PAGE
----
From Orthodox Spirituality and the Philokalia by Fr. Placide Deseille, tr. Anthony P. Gythiel
Source: Ora et Labora
When the evil nature of a thought has been discerned, how is it possible to resist it efficiently? One must be aware of the mechanism of temptation in order to apply the correct resistance at the appropriate moment. St John Climacus describes the various phases of temptation this way:
Gifted with discernment, the Fathers differentiated stages of the soul's confrontation with temptation: attack, connection, consent, captivity, combat, and passion of the soul.
These blessed men define the attack as the first appearance in the heart of a simple thought or image of an object.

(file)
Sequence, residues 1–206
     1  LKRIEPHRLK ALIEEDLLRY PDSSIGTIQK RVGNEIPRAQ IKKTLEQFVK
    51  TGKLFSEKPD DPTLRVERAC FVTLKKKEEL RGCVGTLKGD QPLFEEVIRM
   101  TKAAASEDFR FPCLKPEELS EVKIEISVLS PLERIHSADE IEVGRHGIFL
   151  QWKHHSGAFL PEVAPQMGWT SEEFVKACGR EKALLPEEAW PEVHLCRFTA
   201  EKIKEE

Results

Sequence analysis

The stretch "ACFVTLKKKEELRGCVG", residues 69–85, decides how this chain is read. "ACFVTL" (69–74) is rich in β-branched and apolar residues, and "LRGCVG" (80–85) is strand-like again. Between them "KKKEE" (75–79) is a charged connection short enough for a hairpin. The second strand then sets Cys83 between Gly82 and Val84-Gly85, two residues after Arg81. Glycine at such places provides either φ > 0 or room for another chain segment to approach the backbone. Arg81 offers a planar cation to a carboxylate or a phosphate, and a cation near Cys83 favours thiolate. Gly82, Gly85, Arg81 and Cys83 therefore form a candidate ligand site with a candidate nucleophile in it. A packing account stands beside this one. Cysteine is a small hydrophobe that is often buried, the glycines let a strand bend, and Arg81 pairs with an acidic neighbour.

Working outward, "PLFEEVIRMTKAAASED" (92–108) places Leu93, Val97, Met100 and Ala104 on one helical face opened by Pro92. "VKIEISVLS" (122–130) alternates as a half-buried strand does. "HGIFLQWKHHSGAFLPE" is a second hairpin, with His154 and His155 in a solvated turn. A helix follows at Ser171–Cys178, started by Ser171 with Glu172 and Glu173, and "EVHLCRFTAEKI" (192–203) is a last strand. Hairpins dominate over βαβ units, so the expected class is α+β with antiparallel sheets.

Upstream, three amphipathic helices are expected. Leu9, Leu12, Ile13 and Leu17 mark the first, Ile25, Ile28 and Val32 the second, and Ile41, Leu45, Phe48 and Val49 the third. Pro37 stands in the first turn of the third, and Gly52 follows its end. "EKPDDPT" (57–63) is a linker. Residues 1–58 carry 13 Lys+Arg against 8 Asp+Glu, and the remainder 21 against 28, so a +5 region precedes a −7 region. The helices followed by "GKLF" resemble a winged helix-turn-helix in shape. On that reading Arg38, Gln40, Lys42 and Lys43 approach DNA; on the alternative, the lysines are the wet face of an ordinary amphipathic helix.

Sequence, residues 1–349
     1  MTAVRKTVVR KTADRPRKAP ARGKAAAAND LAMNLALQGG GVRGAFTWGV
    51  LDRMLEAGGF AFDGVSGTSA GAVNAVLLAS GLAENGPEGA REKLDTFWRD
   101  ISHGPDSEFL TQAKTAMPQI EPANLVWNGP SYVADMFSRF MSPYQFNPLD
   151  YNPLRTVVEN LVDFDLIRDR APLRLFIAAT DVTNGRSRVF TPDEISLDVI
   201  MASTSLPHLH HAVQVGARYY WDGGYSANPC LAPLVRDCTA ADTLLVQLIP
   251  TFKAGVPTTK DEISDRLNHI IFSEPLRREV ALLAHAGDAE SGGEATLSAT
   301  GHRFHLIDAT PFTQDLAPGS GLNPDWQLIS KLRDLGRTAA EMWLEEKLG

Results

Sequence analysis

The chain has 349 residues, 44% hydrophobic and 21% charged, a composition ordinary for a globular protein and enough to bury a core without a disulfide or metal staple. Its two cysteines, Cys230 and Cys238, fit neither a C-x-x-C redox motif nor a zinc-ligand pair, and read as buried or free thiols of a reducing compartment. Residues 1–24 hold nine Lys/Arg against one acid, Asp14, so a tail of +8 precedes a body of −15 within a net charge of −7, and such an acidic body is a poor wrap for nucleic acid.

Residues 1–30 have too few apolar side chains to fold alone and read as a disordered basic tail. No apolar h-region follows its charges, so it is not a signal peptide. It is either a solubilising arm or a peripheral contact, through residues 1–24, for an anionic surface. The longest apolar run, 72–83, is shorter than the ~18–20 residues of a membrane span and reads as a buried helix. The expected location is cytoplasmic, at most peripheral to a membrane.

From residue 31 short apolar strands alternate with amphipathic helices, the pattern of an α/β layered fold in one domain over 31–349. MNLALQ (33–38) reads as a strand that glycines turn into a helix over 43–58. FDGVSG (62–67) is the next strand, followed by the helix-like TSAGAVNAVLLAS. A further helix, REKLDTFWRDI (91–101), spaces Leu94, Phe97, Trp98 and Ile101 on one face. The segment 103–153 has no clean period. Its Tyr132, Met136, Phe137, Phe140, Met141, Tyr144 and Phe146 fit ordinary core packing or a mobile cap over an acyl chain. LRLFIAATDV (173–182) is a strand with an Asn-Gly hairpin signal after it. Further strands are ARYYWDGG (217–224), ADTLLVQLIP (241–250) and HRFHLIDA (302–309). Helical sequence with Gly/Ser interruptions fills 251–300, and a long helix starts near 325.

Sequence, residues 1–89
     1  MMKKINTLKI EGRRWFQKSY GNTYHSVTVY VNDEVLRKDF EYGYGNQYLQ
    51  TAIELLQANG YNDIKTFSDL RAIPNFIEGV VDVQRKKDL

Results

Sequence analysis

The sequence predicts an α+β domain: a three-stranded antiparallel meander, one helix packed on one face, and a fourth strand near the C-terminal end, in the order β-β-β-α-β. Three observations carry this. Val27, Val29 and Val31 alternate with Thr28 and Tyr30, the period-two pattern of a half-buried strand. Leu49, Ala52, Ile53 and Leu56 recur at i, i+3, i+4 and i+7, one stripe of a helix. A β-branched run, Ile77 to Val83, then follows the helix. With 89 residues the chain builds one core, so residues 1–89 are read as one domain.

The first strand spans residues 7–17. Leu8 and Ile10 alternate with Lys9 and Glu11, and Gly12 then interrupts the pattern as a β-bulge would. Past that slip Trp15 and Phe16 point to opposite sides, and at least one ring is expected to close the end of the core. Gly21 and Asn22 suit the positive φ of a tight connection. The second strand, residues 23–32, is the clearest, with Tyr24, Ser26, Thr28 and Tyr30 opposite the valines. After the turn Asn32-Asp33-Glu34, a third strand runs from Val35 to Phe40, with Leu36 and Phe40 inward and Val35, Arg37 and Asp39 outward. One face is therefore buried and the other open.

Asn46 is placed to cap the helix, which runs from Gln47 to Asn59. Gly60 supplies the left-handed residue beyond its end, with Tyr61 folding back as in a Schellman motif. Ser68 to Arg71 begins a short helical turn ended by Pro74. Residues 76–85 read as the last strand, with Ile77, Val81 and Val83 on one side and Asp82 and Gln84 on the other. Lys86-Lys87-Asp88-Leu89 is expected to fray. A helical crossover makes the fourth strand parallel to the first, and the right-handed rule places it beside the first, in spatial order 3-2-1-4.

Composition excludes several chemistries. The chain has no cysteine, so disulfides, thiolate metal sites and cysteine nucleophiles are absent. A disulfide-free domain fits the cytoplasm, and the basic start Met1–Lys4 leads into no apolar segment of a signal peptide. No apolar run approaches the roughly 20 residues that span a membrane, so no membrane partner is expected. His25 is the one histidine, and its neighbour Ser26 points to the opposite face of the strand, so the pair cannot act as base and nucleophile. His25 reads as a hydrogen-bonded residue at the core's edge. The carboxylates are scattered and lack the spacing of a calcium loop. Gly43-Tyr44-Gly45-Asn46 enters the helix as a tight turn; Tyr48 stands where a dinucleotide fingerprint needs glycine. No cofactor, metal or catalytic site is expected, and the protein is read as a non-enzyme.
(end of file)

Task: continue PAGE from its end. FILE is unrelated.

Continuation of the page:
Connection is a conversation with the thought or image, sometimes accompanied by passion.
Consent in the acquiescing of the soul, accompanied by delight at the proposal.
Captivity is a violent and involuntary carrying away of the heart or a permanent attachment to the object in question that destroys the excellent state of the soul.
Combat is a confrontation with the adversary through which the soul, according to the choice of her will, gains victory or undergoes defeat.
The Fathers say that passion, in the proper sense, is an evil that secretly affects the soul for a long time, establishing intimate rapport with her and a habitual disposition, by which she spontaneously tends the soul herself through the affinity of these movements.
The attack is without sin; connection is not always, and the degree of guilt concerning consent depends on the inner state of the combatant. The combat is the occasion that awards a crown or a chastisement.